“No one is questioning the patriotism of 125 crore Indians. Nor does anyone have to provide any evidence of their loyalty to the country.”
Thus spake Narendra Modi in the Rajya Sabha. Words of reason and wise counsel but coming rather later in the day. Even as the PM decided to play “Good Cop”, his colleague Rajnath Singh was telling the Lok Sabha that “A handful of people will not be allowed to blot India’s face” and it was the BJP and Narendra Modi who were the real victims of intolerance in Indian politics.
This good cop-bad cop balancing act is a familiar one. Two days ago Rajnath was himself playing the aggrieved good cop threatening to resign if it could be proved he had made remarks about Modi being the first real Hindu ruler of Delhi in 800 years. Now Modi strikes a conciliatory statesman note while others in the party adopt a more belligerent tone. Meenakshi Lekhi, for example, called those talking about intolerance “intellectual mercenaries” a more pithy way of saying what V K Singh had already said when he dubbed the intolerance debate “the unnecessary creation of very imaginative minds who are being paid with a lot of money”. But it is also clear that post-Bihar, the BJP, is striking a more conciliatory tone.
What is most is interesting however is the how the party is dressing up this change.
Minister of State for Parliamentary Affairs Mukhtar Abbas Naqvi has clarified that members have been asked to watch what they say.
“MPs were told to speak with understanding and decorum. There is a need to avoid controversy… At a time when the Prime Minister is pushing ahead with his development agenda, many people are unable to digest it and any misstep will allow anti-BJP forces to work it to their benefit. We should avoid making provocative statements.”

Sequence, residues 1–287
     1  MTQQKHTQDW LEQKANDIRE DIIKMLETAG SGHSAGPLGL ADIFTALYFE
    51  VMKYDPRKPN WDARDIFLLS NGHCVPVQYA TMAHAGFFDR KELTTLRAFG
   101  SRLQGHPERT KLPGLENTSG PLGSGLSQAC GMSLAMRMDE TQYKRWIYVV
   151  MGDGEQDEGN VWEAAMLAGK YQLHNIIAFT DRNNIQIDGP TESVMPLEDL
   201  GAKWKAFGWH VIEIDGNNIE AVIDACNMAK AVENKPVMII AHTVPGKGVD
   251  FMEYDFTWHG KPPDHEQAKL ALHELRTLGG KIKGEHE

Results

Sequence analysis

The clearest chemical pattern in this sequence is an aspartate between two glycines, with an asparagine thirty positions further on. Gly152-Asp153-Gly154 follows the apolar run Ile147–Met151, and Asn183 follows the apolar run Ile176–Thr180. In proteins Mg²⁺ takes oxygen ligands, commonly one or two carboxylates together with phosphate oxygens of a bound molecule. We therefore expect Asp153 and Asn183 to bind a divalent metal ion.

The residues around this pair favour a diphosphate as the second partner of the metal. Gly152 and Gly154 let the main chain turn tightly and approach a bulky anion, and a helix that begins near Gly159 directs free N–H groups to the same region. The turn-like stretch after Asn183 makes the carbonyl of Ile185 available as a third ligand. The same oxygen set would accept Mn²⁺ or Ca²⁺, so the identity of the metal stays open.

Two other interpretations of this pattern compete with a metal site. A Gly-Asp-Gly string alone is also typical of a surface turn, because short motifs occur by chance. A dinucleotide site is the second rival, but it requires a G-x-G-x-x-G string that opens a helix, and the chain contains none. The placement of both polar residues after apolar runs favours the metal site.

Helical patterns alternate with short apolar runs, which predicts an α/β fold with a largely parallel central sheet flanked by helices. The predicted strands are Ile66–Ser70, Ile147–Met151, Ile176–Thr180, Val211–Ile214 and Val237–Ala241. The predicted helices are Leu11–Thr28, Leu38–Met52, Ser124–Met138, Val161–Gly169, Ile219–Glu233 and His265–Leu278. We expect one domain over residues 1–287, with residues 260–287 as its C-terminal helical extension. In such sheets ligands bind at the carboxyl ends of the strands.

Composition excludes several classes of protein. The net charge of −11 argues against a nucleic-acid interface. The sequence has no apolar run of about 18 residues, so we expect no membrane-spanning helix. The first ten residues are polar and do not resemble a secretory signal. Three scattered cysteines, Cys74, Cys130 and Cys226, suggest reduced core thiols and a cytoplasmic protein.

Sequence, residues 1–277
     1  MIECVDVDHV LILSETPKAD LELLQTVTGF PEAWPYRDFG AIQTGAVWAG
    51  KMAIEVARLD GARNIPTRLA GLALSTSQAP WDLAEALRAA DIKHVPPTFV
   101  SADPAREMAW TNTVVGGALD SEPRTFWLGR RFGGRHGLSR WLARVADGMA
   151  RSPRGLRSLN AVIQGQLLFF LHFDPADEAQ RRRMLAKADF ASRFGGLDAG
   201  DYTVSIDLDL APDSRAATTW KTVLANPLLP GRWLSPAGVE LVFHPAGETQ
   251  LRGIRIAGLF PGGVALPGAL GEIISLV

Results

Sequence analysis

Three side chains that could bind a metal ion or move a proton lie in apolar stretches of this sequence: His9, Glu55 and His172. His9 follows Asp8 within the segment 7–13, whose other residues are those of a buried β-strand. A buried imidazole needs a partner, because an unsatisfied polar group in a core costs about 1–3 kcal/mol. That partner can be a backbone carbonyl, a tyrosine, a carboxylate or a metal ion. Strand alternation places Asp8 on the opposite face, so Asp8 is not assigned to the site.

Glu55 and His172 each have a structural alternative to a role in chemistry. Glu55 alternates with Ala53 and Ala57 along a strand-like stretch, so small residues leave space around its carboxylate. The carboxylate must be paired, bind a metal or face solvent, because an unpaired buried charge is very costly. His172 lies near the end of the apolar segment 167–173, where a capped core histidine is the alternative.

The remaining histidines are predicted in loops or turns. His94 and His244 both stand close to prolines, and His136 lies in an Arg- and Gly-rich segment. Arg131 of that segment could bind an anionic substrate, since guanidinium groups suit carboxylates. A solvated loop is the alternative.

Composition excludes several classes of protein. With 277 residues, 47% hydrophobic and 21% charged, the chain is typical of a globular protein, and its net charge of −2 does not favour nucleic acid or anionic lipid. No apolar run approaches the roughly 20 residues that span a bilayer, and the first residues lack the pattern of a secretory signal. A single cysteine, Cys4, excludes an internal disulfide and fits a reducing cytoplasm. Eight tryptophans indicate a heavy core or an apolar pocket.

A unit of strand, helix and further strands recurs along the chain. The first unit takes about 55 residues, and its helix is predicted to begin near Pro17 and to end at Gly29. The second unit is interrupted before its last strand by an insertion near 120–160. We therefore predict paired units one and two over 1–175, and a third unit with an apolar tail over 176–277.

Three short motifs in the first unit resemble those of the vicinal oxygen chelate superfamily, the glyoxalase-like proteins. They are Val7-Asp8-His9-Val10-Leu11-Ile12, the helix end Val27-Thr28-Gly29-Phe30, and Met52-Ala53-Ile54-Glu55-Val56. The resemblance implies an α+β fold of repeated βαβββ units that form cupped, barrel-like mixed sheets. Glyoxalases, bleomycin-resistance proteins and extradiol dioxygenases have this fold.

Translation: Kailash Vijayvargiya, Giriraj Singh, Yogi Adityanath, please think twice before shooting off your mouth. It affects our Acche Din development agenda (and the GST bill).
Rajnath Singh also told the Lok Sabha that the intolerance debate was “self-defeatist” and had the potential of giving India a bad name and scaring away foreign investors.
On one hand it is good news that the BJP has woken up to the fact that it was elected on the promise of development, not culture wars. On the other hand it needs to also understand that lynch mobs and #GoToPakistan trolling and the cold-blooded killing of rationalists are a taint on our society, not because they drive away investors or tourists, but because they are just wrong. Period. And yes, the Emergency was wrong too and the 1984 Sikh massacres were horrendous but they cannot be used for ideological cover in 2015. ‘The Emergency was worse’ is not a convincing argument.
There was so much demand for the PM to speak up all these weeks, not because it was affecting interest rates or FDI but because it was affecting the idea of India as a pluralist live-and-let-live secular nation. As Shashi Tharoor puts it “The Government must know you cannot promote ‘Make in India’ abroad while condoning the propagation of ‘Hate in India’ at home.”